More information about Trinidad and Tobago is available on the Trinidad and Tobago Country Page and from other Department of State publications and other sources listed at the end of this fact sheet.
U.S.-TRINIDAD AND TOBAGO RELATIONS
The United States and Trinidad and Tobago enjoy cordial relations based on a shared commitment to democracy, mutually beneficial trade, and close security cooperation via the Caribbean Basin Security Initiative (CBSI). The two countries have an extradition and mutual legal assistance treaty as well as agreements on maritime cooperation and tax information exchange. Large numbers of U.S. citizens and permanent residents of Trinbagonian origin live in the United States (primarily in New York and Florida), which keeps cultural ties strong. About 10,000 U.S. citizens visit Trinidad and Tobago on vacation or for business every year, and more than 12,500 American citizens are residents.
U.S. Assistance to Trinidad and Tobago
The U.S. Government provides technical assistance to the Government of Trinidad and Tobago through a number of existing agreements. The U.S. Centers for Disease Control and Prevention collaborate with the Ministry of Health and regional partners to strengthen HIV/AIDS programs and to build public health capacity to combat mosquito-borne viruses by improving laboratory systems and services. Trinidad and Tobago plays a key role in the Caribbean Basin Security Initiative (CBSI), the U.S. government’s regional citizen security and development program. The U.S. Embassy’s extensive speaker, cultural, sports, education, and countering violent extremism programs strengthen the bilateral relationship, create positive alternatives for youth, counter disinformation, promote investigative journalism, and increase economic opportunities. Through exchanges, small grants, training opportunities, and the development of a whole-of-society network of stakeholders, the U.S. government works to increase public–private collaboration and civil society engagement to create socially connected communities more resilient to violence, violent extremism, crime, and international criminal networks.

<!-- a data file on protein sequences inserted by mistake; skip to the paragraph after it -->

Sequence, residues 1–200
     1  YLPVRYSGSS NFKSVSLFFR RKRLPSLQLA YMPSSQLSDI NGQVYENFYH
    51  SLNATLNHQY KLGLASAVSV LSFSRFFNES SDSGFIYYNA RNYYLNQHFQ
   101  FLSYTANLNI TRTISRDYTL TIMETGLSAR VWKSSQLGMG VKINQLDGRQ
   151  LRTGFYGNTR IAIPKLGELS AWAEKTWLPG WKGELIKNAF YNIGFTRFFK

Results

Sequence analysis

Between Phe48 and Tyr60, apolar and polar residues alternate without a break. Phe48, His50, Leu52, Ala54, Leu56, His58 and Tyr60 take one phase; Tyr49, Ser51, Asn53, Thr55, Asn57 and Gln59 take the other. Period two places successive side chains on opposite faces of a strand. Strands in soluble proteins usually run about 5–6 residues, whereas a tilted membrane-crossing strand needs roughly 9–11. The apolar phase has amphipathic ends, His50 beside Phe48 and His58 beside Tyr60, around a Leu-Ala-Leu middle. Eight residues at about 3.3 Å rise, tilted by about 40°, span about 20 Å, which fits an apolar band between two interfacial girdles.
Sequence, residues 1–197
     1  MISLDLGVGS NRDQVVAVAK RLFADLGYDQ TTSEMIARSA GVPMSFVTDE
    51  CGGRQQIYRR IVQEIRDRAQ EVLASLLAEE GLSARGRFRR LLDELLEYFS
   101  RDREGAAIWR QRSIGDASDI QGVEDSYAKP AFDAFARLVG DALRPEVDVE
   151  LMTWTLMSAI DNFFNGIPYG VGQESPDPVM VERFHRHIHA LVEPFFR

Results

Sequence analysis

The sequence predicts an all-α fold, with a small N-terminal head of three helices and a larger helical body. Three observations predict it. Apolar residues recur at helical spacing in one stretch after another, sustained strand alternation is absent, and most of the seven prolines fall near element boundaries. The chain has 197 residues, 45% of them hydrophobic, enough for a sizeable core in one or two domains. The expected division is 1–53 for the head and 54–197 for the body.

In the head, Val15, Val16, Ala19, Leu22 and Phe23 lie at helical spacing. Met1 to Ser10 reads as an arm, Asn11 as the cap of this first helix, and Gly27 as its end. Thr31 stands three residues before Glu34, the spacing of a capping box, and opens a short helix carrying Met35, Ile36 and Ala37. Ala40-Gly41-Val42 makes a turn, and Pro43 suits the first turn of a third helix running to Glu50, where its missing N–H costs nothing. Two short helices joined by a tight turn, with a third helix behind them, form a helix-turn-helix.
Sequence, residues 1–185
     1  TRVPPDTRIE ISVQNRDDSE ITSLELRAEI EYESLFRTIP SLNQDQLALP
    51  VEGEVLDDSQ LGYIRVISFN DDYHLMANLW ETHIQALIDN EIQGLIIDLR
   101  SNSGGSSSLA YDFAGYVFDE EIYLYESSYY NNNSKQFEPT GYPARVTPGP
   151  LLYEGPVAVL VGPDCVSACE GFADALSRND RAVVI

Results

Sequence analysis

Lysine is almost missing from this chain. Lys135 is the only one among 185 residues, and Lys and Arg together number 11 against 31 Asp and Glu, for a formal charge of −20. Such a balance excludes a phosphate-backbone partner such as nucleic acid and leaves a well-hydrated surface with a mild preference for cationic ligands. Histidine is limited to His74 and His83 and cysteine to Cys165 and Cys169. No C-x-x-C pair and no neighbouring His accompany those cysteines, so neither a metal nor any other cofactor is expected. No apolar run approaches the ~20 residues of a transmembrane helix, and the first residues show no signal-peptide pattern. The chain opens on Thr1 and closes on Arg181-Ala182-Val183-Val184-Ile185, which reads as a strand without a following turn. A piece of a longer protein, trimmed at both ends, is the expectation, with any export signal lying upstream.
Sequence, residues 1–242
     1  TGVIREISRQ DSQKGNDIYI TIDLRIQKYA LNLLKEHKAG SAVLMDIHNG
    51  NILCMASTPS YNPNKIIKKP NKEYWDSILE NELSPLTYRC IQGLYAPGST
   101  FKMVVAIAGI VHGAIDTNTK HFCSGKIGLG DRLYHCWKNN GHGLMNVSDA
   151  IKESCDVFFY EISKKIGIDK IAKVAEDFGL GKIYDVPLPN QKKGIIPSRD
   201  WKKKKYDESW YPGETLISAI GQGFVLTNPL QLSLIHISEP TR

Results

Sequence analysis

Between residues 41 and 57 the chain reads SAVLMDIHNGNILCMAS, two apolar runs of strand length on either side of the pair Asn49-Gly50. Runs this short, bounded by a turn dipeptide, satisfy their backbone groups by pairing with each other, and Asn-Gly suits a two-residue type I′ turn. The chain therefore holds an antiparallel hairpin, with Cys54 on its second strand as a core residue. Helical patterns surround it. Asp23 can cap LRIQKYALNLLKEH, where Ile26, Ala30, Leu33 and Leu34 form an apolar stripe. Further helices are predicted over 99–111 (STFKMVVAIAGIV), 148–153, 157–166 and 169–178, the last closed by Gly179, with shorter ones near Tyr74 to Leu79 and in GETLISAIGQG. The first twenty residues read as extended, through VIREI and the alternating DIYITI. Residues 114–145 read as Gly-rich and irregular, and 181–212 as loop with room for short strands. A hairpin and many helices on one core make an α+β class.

Bilateral Economic Relations
The United States is Trinidad and Tobago’s largest trading partner. In 2018, Trinidad and Tobago exported more than $3.7 billion of goods to the United States and imported $2.1 billion of goods from the United States, generating a trade deficit in goods of approximately $1.6 billion for the United States. Economic agreements between the United States and Trinidad and Tobago include a Bilateral Investment Treaty (1996), a Memorandum of Understanding Concerning Protection of Intellectual Property Rights (1994), and a Convention for the Avoidance of Double Taxation (1970). Trinidad’s leading exports to the United States are liquefied natural gas and downstream energy products such as methanol and urea. Trinidad also exports products from its downstream energy industry, such as chemicals and fertilizers. Top imported products from the United States include food products, chemical products, and machinery.
Trinidad and Tobago’s Membership in International Organizations
Trinidad and Tobago and the United States belong to a number of the same international organizations, including the United Nations, Organization of American States, International Monetary Fund, World Bank, and World Trade Organization.
Principal U.S. embassy officials are listed in the Department’s Key Officers List.
Trinidad and Tobago maintains an embassy in the United States at 1708 Massachusetts Avenue NW, Washington, DC 20036 (tel. 202-467-6490). Anthony Phillips-Spencer is the Ambassador of Trinidad and Tobago to the United States.
More information about Trinidad and Tobago is available from the Department of State and other sources, some of which are listed here:
CIA World Factbook Trinidad and Tobago Page
History of U.S. Relations With Trinidad and Tobago
U.S. Census Bureau Foreign Trade Statistics
Export.gov International Offices Page